IRS Best Kept Secrets

Posted November 19, 2019 by restudies



Based on a new tax law, you can avoid capital gains if you follow these strategies. Example one: If you have a rental property and you sell it for $3 million and your cost is $1.5 million, your profit will be $1.5 million. Your taxes on the profit will be between $500,000 and $700,000. You and your spouse or significant other can avoid paying those taxes by trading for three single-family rental properties—Property A, Property B, and Property C. You then rent them out. If you try to rent Property A and you can’t, live in it for two years and sell it, the $500,000 profit based on the new tax law, is excluded. Then you move to Property B and live in it two years. When you sell it, you do not pay any taxes on the $500,000. Then, live in Property C for two years. Sell it and you don’t have to pay any taxes on the $500,000 either.

Example two: Sell your rental property for $3 million to a limited partnership whose partners are not blood relatives. Take $1 down and a note for $2,999,999. The tax on that dollar is 33 percent. The limited partnership sells the property for fair market value to an unrelated third party for $3 million. The tax is zero because the basis is $3 million. The partnership can pay you installment principal payments on your note, and you’d be paying percent taxes on that profit. However, you’d bespreading income over a number of years. You can gift portions of that note to individuals, thereby spreading the income over entities. Alternatively, you can leave it in your estate; it is possible that you will not have to pay taxes on it at all.


New IRS tax laws allow you to take what’s called catch-up depreciation deductions that you have not previously taken. This procedure allows you to take the entire deduction in the current year. The election must be made in the first half of the tax year in which the catch-up deduction will be taken. This method benefits anyone who is allowed to take a depreciation deduction. For example, if you didn’t take deductions in the prior years for one reason or another, and you decide, based on your in-come, to offset an anticipated increase in income with catch-up depreciation, you may do so. This is called grouping income and deductions.


Instead of paying for the lease improvements, have your landlord pay for any lease improvements. The landlord can write these lease improvements off over a 39-year period. If you made the lease improvements and paid the cost of the improvements, you would have to write them off over 39 years. To increase the deduction, pay for the cost of these improvements by increasing the rent. Therefore, you’re accelerating the rent expense instead of deducting the lease improvements over 39 years. The landlord is reimbursed for the improvements in the form of rent payments and enjoys the annual deduction for the appreciation. Instead of spreading the cost of these improvements over 39 years, you’re actually spreading them over the life of the lease, which could be less than 39 years.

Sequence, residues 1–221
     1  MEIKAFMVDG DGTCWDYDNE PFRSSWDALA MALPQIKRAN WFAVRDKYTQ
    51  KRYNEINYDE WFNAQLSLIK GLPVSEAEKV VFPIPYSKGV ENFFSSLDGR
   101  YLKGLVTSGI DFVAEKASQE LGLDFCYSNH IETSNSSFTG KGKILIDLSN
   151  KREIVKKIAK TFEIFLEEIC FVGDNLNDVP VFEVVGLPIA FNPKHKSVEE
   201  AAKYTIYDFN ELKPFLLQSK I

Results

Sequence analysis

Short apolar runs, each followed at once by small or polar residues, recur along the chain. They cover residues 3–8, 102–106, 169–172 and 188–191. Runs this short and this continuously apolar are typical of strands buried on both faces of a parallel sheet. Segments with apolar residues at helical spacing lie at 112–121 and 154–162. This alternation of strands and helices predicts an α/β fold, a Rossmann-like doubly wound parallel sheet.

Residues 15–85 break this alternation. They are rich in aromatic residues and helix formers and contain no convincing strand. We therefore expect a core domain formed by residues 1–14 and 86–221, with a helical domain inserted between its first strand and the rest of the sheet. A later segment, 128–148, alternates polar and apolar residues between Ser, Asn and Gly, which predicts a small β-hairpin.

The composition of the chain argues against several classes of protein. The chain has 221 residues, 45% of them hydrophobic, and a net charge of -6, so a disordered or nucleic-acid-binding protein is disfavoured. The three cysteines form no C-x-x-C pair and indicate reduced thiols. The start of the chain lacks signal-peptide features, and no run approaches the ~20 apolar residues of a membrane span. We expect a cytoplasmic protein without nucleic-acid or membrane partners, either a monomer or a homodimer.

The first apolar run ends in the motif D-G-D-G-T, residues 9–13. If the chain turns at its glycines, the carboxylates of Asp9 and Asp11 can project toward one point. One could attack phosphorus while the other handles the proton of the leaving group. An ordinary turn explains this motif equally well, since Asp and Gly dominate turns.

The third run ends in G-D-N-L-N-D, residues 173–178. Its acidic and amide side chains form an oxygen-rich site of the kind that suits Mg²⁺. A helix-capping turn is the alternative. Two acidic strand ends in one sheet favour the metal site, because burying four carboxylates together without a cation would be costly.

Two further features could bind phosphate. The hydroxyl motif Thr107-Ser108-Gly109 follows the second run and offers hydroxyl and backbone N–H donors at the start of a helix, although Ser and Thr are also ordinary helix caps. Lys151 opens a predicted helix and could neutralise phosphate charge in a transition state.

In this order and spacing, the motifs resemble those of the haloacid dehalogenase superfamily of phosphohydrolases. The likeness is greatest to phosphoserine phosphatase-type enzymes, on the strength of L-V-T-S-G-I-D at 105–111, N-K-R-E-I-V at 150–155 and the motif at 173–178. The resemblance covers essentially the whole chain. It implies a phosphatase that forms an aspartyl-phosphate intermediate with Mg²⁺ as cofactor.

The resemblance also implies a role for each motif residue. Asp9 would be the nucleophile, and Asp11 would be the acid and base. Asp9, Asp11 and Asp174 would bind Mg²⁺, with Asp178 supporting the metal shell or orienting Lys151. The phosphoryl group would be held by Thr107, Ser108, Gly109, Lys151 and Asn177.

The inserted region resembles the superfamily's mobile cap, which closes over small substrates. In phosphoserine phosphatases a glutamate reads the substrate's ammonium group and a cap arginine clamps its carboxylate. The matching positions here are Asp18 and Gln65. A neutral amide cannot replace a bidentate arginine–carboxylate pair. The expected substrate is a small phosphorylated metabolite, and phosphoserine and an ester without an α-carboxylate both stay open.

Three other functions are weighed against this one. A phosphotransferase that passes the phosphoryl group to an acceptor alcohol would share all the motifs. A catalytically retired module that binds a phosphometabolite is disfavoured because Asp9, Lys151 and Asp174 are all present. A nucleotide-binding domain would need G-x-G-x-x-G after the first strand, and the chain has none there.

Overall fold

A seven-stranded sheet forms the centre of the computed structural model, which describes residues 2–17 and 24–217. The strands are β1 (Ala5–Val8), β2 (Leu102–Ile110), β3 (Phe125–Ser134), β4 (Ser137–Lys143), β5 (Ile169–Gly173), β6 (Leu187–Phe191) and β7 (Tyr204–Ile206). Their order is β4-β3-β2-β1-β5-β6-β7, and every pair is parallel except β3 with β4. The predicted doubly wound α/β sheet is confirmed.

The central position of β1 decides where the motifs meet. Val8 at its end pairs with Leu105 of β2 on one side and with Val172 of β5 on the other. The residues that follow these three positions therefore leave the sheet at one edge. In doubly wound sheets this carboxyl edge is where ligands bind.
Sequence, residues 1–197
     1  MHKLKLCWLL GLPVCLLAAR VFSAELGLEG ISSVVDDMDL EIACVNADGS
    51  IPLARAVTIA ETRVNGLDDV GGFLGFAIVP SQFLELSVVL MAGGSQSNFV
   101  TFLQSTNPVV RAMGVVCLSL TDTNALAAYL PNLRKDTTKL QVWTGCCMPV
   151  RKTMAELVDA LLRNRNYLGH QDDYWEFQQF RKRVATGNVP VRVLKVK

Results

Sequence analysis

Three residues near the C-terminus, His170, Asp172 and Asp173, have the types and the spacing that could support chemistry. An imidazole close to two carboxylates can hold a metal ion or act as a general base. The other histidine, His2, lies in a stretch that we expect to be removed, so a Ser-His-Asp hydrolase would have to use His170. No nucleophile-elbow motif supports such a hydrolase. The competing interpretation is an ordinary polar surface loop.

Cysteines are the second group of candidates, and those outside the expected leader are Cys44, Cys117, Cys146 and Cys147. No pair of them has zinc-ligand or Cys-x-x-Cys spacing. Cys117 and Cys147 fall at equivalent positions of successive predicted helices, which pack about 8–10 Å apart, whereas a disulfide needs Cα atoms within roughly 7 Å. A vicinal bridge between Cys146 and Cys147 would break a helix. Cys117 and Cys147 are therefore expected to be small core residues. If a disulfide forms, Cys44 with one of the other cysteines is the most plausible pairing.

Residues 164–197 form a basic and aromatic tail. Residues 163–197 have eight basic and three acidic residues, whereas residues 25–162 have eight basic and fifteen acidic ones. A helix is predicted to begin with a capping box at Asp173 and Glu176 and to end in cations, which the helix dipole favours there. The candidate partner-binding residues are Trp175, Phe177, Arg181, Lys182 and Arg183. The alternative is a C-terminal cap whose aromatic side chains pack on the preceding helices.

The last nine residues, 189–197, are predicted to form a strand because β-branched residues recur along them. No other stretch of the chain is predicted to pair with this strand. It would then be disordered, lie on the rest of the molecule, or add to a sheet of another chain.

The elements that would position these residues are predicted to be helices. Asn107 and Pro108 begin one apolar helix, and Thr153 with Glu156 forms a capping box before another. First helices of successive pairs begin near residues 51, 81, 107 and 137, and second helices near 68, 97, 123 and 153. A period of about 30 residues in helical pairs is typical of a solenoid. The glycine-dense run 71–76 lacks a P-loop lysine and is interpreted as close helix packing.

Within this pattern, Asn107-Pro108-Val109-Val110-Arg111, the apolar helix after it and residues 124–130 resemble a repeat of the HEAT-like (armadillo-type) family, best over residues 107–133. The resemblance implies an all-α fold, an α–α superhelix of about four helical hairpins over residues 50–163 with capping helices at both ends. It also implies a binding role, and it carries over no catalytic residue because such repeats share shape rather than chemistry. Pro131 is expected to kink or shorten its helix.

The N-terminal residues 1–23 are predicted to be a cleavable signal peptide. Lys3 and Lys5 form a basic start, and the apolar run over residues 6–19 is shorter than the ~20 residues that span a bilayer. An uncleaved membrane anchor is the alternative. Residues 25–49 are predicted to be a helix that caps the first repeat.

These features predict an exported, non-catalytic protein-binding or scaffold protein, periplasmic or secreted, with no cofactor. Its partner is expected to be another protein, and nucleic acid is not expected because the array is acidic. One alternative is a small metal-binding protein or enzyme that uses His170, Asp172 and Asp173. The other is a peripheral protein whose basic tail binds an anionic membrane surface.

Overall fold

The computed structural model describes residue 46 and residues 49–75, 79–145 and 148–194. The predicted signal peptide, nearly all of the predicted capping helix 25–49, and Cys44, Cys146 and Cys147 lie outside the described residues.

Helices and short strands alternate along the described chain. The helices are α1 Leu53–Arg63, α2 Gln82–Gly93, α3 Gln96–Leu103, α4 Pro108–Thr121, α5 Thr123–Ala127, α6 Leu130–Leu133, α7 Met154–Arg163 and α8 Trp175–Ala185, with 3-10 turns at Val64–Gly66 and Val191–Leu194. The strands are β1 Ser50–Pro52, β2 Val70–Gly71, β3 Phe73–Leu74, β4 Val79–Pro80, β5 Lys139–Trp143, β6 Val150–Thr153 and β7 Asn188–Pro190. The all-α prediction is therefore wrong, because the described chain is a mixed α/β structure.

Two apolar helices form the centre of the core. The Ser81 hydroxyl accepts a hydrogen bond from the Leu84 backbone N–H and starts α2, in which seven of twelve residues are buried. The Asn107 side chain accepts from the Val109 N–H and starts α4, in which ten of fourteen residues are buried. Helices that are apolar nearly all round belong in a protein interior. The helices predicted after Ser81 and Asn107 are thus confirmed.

If you give your children a gift every year for tax purposes, it is not deductible. However, you can instead treat your child’s home as your second home and make the mortgage payment on it. This only applies if you don’t own a second home yourself. The same strategy can be used to make gifts to your parents or certain other family members. Make the home mortgage payments for them and deduct the mortgage interest portion of the payment on your tax return. This will free up cash for your children or parents that they would otherwise have used for mortgage payments. In this way, you’re indirectly making a tax-deductible gift to your children. Interest payments must be legally enforceable debt; therefore, you must co-sign the loan. This strategy is called spreading the income and deductions to entities. If your family members are in a higher income bracket, it won’t work. It doesn’t have to be made on the same house each year. For example, if you have five family members and you co-sign on all five loans, you can make loan payments in any one year to any one of the five. Children are not the only ones who qualify. You can also have this arrangement for your parents, grandparents, grandchildren, or your brother or sister.


Based on an IRS revenue ruling, it is now possible to offset boot with other transactional expenses. For example, if an investor traded down from a $500,000 property to a $400,000 property, a $100,000 boot would be recognized. When the transaction is reported, he automatically reduced the amount of the $100,000 boot by all transitional cost, such as commissions and other closing costs incurred.

ABOUT THE AUTHOR: Eugene E. Vollucci, is considered to be one of the foremost authorities on real estate taxation and real estate investing and has authored books in these fields published by John Wiley & Sons of New York. He is the Director of the Center for Real Estate Studies, a real estate research organization. To learn more about the Center for Real Estate Studies, please visit our web site at
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Last Updated November 19, 2019